Philippines Signs Second Protocol of ASEAN-Australia-NZ FTA

Posted by Written by Giulia Interesse Reading Time: 4 minutes

The Philippines ratified the Second Protocol of the ASEAN-Australia-New Zealand Free Trade Agreement (AANZFTA) to boost trade and investment opportunities and modernize the agreement to enhance market access and promote sustainable development, aligning with the country’s vision for economic collaboration within ASEAN.

On March 6, 2024, the Philippines officially ratified the Second Protocol of the ASEAN-Australia-New Zealand Free Trade Agreement, or AANZFTA (hereinafter, the “Second Protocol”), aiming to enhance opportunities for its micro, small, and medium enterprises (MSMEs). This protocol is anticipated to bolster market access, integrate MSMEs into global value chains, and stimulate e-commerce adoption.

The amendment seeks to modernize and adapt the original AANZFTA, which took effect in January 2010, ensuring its relevance amidst evolving global dynamics. Notably, enhancements encompass thirteen chapters, encompassing rules of origin, customs procedures, investment, competition, consumer protection, and electronic commerce.

Additionally, three new chapters on government procurement, MSMEs, and trade and sustainable development are introduced. The revised agreement also emphasizes bolstering supply chain resilience, fostering digital technology, enhancing collaboration on trade and sustainable development, and facilitating the flow of essential goods, especially during crises.

With this ratification, the Philippines joins Australia, Brunei Darussalam, Indonesia, Malaysia, New Zealand, and Singapore in endorsing the Second Protocol.

Background to the AANZFTA

AANZFTA came into effect in 2010 and has remained one of the premier free trade agreements within ASEAN. In 2014, the First Protocol of AANZFTA (hereinafter, First Protocol) introduced several amendments regarding goods. Following the completion of the First Protocol’s General Review in 2017, various recommendations were made in 2018, prompting discussions regarding an upgrade.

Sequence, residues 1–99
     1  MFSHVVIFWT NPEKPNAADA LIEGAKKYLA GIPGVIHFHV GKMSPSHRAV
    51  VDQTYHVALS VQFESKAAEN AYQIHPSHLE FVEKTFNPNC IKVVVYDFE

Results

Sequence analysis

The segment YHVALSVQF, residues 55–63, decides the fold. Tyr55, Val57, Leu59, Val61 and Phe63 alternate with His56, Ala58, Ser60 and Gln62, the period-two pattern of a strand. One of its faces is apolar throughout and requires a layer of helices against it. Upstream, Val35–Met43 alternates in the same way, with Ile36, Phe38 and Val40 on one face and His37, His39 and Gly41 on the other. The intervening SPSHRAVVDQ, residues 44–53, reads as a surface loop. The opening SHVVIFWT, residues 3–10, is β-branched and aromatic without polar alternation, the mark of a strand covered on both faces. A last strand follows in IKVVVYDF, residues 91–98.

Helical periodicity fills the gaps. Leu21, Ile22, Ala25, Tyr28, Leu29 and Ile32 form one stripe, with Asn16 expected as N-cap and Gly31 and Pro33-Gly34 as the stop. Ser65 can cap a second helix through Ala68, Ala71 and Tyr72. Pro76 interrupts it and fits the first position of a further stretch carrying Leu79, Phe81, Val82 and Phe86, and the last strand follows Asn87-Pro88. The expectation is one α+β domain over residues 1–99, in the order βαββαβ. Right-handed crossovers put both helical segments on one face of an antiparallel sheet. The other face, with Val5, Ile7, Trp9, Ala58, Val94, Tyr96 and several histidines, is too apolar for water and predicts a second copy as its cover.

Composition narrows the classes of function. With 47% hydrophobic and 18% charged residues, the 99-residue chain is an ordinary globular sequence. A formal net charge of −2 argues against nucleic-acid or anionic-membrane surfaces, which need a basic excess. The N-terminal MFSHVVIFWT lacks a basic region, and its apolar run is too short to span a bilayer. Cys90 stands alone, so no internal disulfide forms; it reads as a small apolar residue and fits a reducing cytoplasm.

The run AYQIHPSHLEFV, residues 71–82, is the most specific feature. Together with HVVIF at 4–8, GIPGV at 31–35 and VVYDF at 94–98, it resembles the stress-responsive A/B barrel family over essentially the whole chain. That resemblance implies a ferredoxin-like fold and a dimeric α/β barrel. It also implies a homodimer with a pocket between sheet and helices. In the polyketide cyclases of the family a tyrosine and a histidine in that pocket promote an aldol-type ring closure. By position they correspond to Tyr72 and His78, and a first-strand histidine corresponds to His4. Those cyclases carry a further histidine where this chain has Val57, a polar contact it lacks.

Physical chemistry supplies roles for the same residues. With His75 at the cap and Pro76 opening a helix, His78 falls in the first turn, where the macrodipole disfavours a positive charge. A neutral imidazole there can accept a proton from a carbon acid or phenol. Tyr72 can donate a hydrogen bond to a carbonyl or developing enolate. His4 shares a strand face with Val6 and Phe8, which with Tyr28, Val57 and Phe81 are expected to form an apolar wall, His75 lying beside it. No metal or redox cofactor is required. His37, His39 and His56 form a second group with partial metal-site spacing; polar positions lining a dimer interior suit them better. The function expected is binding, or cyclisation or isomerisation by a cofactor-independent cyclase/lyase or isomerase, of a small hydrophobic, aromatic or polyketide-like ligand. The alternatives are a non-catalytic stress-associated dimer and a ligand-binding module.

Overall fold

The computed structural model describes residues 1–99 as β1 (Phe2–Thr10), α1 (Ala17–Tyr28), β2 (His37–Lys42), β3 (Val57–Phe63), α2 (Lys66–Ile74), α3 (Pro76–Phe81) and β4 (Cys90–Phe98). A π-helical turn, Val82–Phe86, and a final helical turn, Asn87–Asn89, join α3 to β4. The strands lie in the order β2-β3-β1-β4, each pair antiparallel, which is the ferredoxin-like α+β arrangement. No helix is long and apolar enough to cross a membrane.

Negotiations for the upgrade commenced in 2020 and reached completion by November 2022. The Second Protocol is slated to take effect 60 days after the deposition of ratifications by Australia, New Zealand, and at least four ASEAN Member States with the ASEAN Secretariat. However, this process is not expected to conclude until late 2024 at the earliest.

What is new in the Second Protocol?

The Second Protocol of AANZFTA encompasses revisions across thirteen out of its eighteen chapters, drawing substantial inspiration from the Regional Comprehensive Economic Partnership Agreement (RCEP). Aside from amendments related to investment, notable changes within the Second Protocol include:

  • Implementation of new regulations aimed at restricting the utilization of non-tariff barriers to trade while enhancing transparency concerning their application.
  • Inclusion of provisions facilitating the flow of essential goods during periods of crises.
  • Enhancement of rules of origin provisions to simplify the process for more goods to qualify for preferential tariff treatment.
  • Improvement of regulations governing services trades to enhance transparency and certainty for cross-border service providers.
  • Alignment of the Electronic Commerce Chapter with RCEP’s data regulations, with the added provision of dispute settlement for these regulations following a transitional period.
  • Introduction of a new Trade and Sustainable Development Chapter to promote collaboration among the Parties on sustainability matters.
  • Revision of the security exception clause to mirror those found in agreements such as the Comprehensive and Progressive Agreement for Trans-Pacific Partnership, granting clearer deference to governments seeking to implement measures for essential security reasons compared to the previous WTO-style exception in AANZFTA.

Investment-related changes

The Investment Chapter within the Second Protocol underwent substantial revisions as part of the upgrade process, introducing several key changes pertinent to investors. These include: